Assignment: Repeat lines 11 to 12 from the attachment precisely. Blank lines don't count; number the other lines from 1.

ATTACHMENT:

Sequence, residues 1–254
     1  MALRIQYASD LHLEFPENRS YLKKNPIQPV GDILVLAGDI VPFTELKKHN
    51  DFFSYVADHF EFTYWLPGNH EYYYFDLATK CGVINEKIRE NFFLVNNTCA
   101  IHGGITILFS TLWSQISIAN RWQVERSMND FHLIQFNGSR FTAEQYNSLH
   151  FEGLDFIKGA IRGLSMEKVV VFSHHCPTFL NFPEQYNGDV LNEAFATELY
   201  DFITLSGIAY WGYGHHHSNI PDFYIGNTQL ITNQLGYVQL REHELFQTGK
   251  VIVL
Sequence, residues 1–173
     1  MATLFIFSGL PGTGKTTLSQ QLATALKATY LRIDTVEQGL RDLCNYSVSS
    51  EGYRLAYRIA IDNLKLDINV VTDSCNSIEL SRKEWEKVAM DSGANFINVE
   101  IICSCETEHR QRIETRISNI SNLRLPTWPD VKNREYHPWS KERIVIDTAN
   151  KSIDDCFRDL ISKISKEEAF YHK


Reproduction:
   101  IICSCETEHR QRIETRISNI SNLRLPTWPD VKNREYHPWS KERIVIDTAN
   151  KSIDDCFRDL ISKISKEEAF YHK